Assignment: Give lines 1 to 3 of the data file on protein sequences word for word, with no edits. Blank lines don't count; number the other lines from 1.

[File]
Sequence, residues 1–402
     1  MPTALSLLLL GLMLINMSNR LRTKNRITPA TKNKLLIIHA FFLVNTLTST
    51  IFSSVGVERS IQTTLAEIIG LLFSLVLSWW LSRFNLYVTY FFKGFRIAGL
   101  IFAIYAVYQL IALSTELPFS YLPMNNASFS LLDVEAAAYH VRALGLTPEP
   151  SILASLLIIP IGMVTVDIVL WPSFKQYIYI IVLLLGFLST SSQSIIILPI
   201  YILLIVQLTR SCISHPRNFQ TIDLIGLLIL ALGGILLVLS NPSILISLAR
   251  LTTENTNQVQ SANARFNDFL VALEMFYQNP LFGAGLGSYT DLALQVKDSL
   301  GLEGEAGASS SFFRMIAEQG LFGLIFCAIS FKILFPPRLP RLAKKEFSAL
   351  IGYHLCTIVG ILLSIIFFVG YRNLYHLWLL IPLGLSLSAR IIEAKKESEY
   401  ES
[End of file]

Sequence, residues 1–402
     1  MPTALSLLLL GLMLINMSNR LRTKNRITPA TKNKLLIIHA FFLVNTLTST
    51  IFSSVGVERS IQTTLAEIIG LLFSLVLSWW LSRFNLYVTY FFKGFRIAGL